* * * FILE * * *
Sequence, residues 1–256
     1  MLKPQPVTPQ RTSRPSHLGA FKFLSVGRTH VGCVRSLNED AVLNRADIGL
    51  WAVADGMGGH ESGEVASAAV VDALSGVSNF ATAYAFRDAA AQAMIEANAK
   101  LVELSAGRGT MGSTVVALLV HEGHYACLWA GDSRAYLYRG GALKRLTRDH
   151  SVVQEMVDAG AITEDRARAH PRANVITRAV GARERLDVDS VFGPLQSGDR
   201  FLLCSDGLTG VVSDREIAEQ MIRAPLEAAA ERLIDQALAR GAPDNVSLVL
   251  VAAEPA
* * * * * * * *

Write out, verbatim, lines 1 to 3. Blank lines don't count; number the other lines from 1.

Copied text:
Sequence, residues 1–256
     1  MLKPQPVTPQ RTSRPSHLGA FKFLSVGRTH VGCVRSLNED AVLNRADIGL
    51  WAVADGMGGH ESGEVASAAV VDALSGVSNF ATAYAFRDAA AQAMIEANAK